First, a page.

Best flood-resilient plants – 12 expert picks that thrive in water-logged soil

These flood-resilient plants that can cope with sudden and heavy rainfall

Flood-resilient plants The Wet Garden Holbrook UK
(Image credit: Alamy/ Martin Hughes-Jones)

Knowing the best flood resilient plants for your yard can save you time, cash and heart ache, especially if your location is low lying. Owing to climate change and increasing urban development, weather patterns are becoming more unpredictable, with more homes being subjected to sudden downpours and prolonged heavy rainfall. 

Many of our favorite plants simply cannot cope with their roots sitting in water. Instead they will quickly suffocate and rot away, leaving gaping holes in our carefully tended borders and containers. To help manage this excess of surface water, it is vital to choose plants that can help to stabilise the soil and thrive in waterlogged conditions. 

Understanding how to make your yard flood resilient, is essential to future proofing your garden, so we spoke to experts, including landscape designers, horticulturalists and industry professionals, for their top plant recommendations.

Water garden with ferns and plants for shade

(Image credit: Future/Jacky Hobbs)

12 of the best flood-resilient plants for your backyard

If you are experiencing persistently heavier rainfall than in years gone by, all is not lost - it's just about learning how to adapt your garden. These plants love to be in or near to water, and thrive in boggier conditions. 

1. Astilbe

Astilbe chinensis Pumila

(Image credit: Alamy/ Botany vision)

Mainstays of many bog gardens and poolsides, astilbes are instantly recognised for their vibrant plume-like blooms. 

In shades of white, pink or red, these airy flowers appear during summer and are set atop upright, slender stems varying from 1ft (30cm) to 4ft (120cm) tall. Ideal for brightening up shady locations these perennials thrive in rich, damp soil.

Clump forming, astilbes are best divided every four years. A task best carried out during spring, before flowering, they are relatively simple to split and can be replanted with ease.

2. Cinnamon Fern

Osmunda cinnamomea, cinnamon fern

(Image credit: Alamy/ Gina Kelly)

Easy to look after, happy in exposed and sheltered locations and – above all – dramatic, this deciduous fern is brilliant for adding height and form under trees, shrubs or in plant-packed borders. 

Deeply cut, blue-green fronds grow up to 4-5ft (1.5m) each summer and radiate shuttlecock style around central rich-brown plumes.

Like the majority of shade loving ferns, these cinnamon ferns - available from Nature Hills- adore wet, rich soils, making them perfect for waterlogged spots. They look their best if old, tired foliage is cut away each winter.

3. Amsonia

Amsonia Bluestars

(Image credit: Alamy)

Also know as bluestars, this perennial is an underrated gem. 

'This is my favourite plant ever. With gorgeous blue flowers in shades from ice to dark, appearing in late spring- early summer they look even more spectacular set against the vibrant needle and arrow-like foliage,' Irene Kalina-Jones is a partner at Outside Space NYC. 'Makes a great falling clump and the leaves turn a brilliant orange yellow in the fall.'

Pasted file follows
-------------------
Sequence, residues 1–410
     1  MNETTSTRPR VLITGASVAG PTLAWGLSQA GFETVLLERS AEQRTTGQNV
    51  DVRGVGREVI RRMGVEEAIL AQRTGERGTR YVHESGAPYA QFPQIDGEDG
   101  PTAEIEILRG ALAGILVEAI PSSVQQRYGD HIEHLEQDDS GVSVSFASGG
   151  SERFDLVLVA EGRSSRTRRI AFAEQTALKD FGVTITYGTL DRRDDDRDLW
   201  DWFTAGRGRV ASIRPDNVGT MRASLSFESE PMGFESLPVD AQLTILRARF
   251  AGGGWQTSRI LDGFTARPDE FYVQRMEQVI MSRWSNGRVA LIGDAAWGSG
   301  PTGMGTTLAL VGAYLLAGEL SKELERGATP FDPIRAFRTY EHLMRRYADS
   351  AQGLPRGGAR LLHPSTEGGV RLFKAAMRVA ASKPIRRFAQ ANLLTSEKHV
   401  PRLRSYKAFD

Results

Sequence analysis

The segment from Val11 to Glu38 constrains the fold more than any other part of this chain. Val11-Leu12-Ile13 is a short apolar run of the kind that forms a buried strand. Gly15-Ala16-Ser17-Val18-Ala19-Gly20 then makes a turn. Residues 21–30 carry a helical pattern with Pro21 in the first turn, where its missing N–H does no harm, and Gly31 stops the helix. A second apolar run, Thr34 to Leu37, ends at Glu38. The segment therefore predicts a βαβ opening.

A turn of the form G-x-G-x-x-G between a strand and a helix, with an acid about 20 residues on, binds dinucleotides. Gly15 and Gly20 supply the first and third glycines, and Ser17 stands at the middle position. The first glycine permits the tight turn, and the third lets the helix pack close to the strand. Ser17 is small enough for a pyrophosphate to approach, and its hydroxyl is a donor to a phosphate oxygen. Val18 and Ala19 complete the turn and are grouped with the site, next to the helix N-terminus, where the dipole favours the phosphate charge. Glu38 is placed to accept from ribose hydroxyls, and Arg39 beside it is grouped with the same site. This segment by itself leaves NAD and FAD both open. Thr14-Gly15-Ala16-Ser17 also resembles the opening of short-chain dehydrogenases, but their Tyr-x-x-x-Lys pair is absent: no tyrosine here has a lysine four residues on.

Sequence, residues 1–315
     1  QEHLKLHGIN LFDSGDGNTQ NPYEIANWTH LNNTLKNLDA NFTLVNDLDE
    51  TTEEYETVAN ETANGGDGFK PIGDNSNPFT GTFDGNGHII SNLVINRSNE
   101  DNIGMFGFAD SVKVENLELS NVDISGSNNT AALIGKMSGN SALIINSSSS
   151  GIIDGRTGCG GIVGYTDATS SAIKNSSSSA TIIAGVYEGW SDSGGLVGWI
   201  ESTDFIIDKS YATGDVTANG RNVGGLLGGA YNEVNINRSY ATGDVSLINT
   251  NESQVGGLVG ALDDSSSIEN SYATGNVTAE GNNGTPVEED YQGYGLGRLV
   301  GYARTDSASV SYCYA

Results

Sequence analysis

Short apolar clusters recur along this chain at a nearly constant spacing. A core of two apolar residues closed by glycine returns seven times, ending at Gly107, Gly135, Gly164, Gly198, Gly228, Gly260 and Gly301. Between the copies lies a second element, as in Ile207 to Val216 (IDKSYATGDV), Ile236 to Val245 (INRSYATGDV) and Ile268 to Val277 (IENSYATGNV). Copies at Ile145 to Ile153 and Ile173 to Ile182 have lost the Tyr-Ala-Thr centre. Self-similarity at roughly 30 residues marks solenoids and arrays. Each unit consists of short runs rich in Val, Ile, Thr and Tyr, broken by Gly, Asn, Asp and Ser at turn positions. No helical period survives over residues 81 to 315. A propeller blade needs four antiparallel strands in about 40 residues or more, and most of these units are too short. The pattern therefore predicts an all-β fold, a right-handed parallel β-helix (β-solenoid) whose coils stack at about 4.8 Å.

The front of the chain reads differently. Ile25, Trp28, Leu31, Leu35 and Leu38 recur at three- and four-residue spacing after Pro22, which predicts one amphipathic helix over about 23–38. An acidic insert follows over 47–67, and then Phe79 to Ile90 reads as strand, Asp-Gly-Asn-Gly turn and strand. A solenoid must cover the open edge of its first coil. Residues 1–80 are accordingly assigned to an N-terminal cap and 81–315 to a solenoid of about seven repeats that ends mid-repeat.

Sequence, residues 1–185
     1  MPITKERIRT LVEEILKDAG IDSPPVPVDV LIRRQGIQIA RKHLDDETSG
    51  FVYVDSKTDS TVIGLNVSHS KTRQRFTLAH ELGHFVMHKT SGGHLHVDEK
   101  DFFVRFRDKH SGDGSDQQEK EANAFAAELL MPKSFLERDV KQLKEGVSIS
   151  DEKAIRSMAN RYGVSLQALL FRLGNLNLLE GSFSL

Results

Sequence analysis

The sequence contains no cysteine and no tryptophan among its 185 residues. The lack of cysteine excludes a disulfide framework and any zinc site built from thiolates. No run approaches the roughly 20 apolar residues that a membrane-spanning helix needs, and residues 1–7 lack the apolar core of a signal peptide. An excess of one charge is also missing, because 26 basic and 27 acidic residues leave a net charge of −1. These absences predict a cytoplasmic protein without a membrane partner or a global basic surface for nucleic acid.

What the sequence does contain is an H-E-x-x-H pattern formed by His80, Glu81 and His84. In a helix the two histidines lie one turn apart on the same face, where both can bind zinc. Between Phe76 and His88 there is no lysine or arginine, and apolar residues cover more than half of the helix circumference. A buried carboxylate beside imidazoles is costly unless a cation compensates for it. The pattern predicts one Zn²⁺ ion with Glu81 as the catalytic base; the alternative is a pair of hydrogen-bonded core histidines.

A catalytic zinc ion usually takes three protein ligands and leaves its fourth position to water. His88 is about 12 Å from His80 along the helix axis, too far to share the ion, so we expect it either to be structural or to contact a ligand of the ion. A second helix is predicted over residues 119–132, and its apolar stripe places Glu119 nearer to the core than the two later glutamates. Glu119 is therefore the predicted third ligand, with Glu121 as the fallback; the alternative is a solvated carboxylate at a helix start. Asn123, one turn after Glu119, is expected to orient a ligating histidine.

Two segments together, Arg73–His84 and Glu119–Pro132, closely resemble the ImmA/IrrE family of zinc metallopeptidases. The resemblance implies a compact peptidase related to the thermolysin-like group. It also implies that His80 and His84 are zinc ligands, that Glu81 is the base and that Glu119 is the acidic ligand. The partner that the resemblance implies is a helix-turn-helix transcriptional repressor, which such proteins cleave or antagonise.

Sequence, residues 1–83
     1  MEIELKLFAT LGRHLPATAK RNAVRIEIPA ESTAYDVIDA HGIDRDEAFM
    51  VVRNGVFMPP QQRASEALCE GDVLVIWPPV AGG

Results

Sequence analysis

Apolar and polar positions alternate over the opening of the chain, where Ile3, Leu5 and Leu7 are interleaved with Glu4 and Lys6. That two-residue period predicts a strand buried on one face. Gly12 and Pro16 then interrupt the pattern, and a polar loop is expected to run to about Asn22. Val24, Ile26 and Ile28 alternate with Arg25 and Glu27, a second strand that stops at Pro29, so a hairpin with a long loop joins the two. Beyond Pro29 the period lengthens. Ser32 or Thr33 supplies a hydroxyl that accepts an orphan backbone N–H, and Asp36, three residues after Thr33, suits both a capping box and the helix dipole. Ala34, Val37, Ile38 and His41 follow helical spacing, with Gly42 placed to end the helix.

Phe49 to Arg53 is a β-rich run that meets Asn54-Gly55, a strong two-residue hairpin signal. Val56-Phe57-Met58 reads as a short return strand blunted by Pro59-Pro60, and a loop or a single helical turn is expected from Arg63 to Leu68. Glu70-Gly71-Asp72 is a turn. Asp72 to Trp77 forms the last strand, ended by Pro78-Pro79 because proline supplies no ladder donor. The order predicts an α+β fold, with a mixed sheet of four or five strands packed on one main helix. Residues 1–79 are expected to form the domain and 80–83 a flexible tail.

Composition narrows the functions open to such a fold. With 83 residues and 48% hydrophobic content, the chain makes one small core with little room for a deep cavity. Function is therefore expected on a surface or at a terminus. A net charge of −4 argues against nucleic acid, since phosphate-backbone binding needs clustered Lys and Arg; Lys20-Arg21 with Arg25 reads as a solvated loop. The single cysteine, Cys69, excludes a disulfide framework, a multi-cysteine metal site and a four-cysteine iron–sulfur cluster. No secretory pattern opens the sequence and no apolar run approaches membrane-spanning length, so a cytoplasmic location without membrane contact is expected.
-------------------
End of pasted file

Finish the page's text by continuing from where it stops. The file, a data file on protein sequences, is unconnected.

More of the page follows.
Reaching heights of around 19 inches (50cm), they prefer a spot in light shade to full sun and create a great contrast to other grasses and larger leaved damp loving plants such iris, as marsh marigold and candelabra primula.

Amsonia illustris is well worth looking out for, with it’s almost black, straight stems and fine starry blooms, while Amsonia ‘blue ice’ has a cloud-like mass of deep blue flowers.

4. Carex

Carex Frosted Curls Carex Comans Bronze Carex testacea Carex elata aurea

(Image credit: Alamy)

They’re perfect for adding texture and movement to a pot or border – but did you know carex are flood tolerant too. 

Commonly known as sedge, there are over 2,000 types of this tough, native grass and they come in all shades of blue-grey, dark green through to bronze, purplish and cream-green. Easy to tell apart from other grasses, the blades of carex have a triangular cross-section with sharp edges, rather than being smooth, round and hollow.

'Carex has a grass-like appearance can tolerate shade and sun,' says Irene Kalina-Jones. 'It’s also a great replacement for Japanese forest grass in shade and can work for many different looks.'

Varieties that particularly love having wet feet include Carex grayi - available at Nature Hills – with its distinctive spiky green seedheads, lush green Carex muskingumensis (aka Muskingum sedge) and Carex secta with its lime fountain-like clumps tinged with brown.

Irene Kalina-Jones Outside Space NYC
Irene Kalina-Jones

Irene Kalina-Jones is a partner at Outside Space NYC, a landscape design/ build firm and garden center based in Brooklyn. Irene has over 15 years of experience specializing in soft landscaping for private gardens in diverse spaces across New York City. In addition to her design work, Irene runs a garden center that offers unique native perennials and exotic indoor plants, and she is passionate about educating the community on urban gardening.

5. Creeping Jenny


(Image credit: Alamy/ H Helene)

Add a dash of sunshine to woodland gardens, shady paths or stone walls with this evergreen ground lover. 

Creeping Jenny is smothered in tiny yet vibrant lime leaves. The long stems will wind their way through cracks and crevices quickly forming a dense mat of foliage that’s crowned with golden cup-shaped flowers from July to August. 

Reaching just 4 inches (10cm) high, it’s mat-like growth creates a brilliant habitat for beneficial insects and can happily cope with sudden downpours and waterlogged conditions.

Although it needs little upkeep to thrive, you can snip off older stems in fall to encourage fresh growth next spring and a neater shape.

6. Lady's Smock

Cuckoo Flower, Lady's Smock

(Image credit: Alamy/ Ian West)

Charmingly known as the cuckoo flower, mayflower and milkmaids, Cardamine pratensis (to give it it’s botanical name) bears delicate, pale lilac flowers on slender, upright stems. 

Standing 19 inches (50cm) tall, these undemanding plants adore damp, low-lying or waterlogged areas and can be found around pond margins and riversides.

Rich in nectar, this perennial plant is a favorite food source for bees, moths and butterflies, so the perfect choice when creating a wildlife pond or garden. The dark, ground hugging leaves are rather discreet, making the flowers seem even more magical as they appear to float in the air.

7. Water mint

Water Mint, Mentha aquatica

(Image credit: Alamy/ blickwinkel)